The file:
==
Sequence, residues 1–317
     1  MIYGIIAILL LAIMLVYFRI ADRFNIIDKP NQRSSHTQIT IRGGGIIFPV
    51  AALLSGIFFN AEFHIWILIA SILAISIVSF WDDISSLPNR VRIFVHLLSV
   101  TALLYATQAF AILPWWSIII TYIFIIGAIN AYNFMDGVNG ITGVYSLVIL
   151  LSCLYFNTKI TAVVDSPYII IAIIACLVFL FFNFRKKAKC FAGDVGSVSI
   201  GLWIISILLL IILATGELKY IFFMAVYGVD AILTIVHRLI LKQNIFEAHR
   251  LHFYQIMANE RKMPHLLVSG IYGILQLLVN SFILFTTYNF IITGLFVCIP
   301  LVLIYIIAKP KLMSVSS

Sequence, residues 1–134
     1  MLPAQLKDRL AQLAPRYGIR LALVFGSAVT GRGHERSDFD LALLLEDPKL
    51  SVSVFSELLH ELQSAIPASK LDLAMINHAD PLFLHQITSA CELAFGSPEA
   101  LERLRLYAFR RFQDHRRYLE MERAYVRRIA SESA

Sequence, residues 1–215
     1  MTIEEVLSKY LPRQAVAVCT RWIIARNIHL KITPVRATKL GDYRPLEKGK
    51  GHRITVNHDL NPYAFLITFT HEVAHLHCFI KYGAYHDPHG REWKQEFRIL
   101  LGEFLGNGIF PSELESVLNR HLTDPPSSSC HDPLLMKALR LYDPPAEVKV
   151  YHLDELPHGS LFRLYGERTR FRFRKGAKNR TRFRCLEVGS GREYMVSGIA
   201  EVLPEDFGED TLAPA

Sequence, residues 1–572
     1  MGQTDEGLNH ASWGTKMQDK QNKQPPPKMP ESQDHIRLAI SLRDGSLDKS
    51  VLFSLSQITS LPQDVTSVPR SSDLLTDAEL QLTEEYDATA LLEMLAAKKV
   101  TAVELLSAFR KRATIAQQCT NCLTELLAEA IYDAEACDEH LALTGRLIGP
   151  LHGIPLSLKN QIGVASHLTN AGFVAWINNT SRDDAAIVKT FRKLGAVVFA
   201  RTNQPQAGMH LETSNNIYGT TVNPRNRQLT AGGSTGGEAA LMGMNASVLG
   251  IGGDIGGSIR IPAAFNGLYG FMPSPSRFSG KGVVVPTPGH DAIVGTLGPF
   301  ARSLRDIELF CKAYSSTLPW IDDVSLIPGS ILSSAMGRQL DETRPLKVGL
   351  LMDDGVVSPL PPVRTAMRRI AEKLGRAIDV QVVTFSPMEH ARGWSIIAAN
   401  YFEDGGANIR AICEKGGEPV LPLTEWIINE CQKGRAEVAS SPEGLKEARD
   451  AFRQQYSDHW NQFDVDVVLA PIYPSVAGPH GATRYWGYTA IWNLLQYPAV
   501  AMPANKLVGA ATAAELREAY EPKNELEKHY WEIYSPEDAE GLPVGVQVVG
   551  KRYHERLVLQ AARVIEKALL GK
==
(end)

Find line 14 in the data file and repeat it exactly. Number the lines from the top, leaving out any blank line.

     1  MTIEEVLSKY LPRQAVAVCT RWIIARNIHL KITPVRATKL GDYRPLEKGK